The IIPA is nowhere near that narrowly drafted as to its elements; that said, you are quite correct that it is a bizarrely conceived charge that would be difficult to prove up.

  2. wavpeac says:

    So we are observing and documenting the fall of Rome. Great seats. It’s WAY hard to watch though.

    • fatster says:

      It is a most dizzying descent, is it not?

      What if those we call the Founders had instead been of the same ilk as most in Washington seem to be today?

  3. tjbs says:

    Would there be any pictures of the bunko boys in those torture pics?

    These guys have highly polished skills in the abuse of human beings, that takes practice lots of practice. Was Abu Grahab been a training ground for these jobs?

    Do we have obstruction of Justice by someone who blacked out the criminals faces in the pics?

  4. earlofhuntingdon says:

    Joe McCarthy must be smiling, though whether from infernal alcohol or recognition of kindred spirits would be hard to tell. His heirs will probably sue these clowns for copyright violations. They could make a bundle.

    That their antics further damage an unreconstructed DoJ, still under the White House’s thumb, and that the continued if lessened politicization of their work damages America makes no difference to them. It’s a level of selfish cynicism that would have made Ayn Rand blush, had she been able to.

          • fatster says:

            Aw, man, you’re the best! At least you didn’t make me run some more furlongs like skdadl did on the previous thread. Man, I’m tired.

            • skdadl says:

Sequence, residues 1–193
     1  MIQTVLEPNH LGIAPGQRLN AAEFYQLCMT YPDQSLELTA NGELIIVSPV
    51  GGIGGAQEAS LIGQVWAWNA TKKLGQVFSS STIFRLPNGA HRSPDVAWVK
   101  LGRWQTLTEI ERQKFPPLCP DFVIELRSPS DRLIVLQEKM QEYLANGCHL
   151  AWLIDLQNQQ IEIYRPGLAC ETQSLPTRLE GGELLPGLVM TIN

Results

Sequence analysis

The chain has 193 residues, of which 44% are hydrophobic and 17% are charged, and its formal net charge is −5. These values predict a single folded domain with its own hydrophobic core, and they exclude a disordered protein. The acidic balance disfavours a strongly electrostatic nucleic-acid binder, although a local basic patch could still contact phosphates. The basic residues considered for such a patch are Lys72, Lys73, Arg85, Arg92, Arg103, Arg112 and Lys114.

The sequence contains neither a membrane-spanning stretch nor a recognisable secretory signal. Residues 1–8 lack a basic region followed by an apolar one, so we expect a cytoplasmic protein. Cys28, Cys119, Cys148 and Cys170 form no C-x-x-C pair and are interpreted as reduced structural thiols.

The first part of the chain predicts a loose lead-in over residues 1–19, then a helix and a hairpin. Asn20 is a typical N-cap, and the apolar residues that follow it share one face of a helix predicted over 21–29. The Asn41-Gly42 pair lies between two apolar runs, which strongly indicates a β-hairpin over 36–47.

It is a far, far furlong thing I do than I have ever furlonged before …

              I justify these jokes to myself by saying that we’re not really making fun of people’s names, which would be wrong. We are just developing mnemonics that will help us all to remember the details of important historical episodes.

              How’m I doin’?

              • fatster says:

                Sigh. You’ve gone one furlong too far, or at least I have. I am exhausted from this jog upon which you set me.

                Sweet dreams.

  5. Mary says:

    He’s mentioned in the story, scribe. Apparently some members of Congress have been in touch with him, chewing his butt that he’s not doing enough for his torturers.

    BTW – I’d like to see the defense counsel seeking out some protective orders for themselves and their families. After all, their identies and families are now known and can be easily targeted by trained torturers and assassains with whom they are adverse. Torturers and assassains who work for the President and who the President has said his DOJ won’t be prosecuting, bc they have a Good Faith (based on worship of the Executive and of torture). Not any kind of legal good faith defense (which, btw, even the torture lawyers say the torturers don’t have) but just some generic, Presidentially and Republican acclaimed “Good” faith.

    In any event, there are men and women who have knowingly been involved for years in the kidnap and torture of innocent men and women and children, including deaths by torture and killing innocent people by drone attacks and other means. They have disappeared people and been publically tied to those activities but, as with drug lords in South America who have the courts under their sway, the prosecutors and courts in the US have done nothing about any of these Presidential torturers and assassains – – and they now have access to all kinds of information on defense lawyers and assurances from the Executive branch that, no matter what they do, their identities will be protected from the courts.